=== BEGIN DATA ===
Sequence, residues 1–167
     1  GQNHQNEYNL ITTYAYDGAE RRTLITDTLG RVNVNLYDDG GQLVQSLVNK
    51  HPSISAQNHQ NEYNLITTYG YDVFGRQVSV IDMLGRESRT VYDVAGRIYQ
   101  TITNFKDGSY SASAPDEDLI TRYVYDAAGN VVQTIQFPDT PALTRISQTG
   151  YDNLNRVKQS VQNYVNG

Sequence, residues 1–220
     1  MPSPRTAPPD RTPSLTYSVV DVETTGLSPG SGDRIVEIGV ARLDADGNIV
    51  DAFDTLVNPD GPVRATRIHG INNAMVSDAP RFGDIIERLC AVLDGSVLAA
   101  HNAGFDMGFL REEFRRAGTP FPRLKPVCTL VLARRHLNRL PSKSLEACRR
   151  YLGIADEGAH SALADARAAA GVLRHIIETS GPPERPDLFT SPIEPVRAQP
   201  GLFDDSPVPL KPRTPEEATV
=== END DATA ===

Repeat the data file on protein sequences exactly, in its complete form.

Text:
Sequence, residues 1–167
     1  GQNHQNEYNL ITTYAYDGAE RRTLITDTLG RVNVNLYDDG GQLVQSLVNK
    51  HPSISAQNHQ NEYNLITTYG YDVFGRQVSV IDMLGRESRT VYDVAGRIYQ
   101  TITNFKDGSY SASAPDEDLI TRYVYDAAGN VVQTIQFPDT PALTRISQTG
   151  YDNLNRVKQS VQNYVNG

Sequence, residues 1–220
     1  MPSPRTAPPD RTPSLTYSVV DVETTGLSPG SGDRIVEIGV ARLDADGNIV
    51  DAFDTLVNPD GPVRATRIHG INNAMVSDAP RFGDIIERLC AVLDGSVLAA
   101  HNAGFDMGFL REEFRRAGTP FPRLKPVCTL VLARRHLNRL PSKSLEACRR
   151  YLGIADEGAH SALADARAAA GVLRHIIETS GPPERPDLFT SPIEPVRAQP
   201  GLFDDSPVPL KPRTPEEATV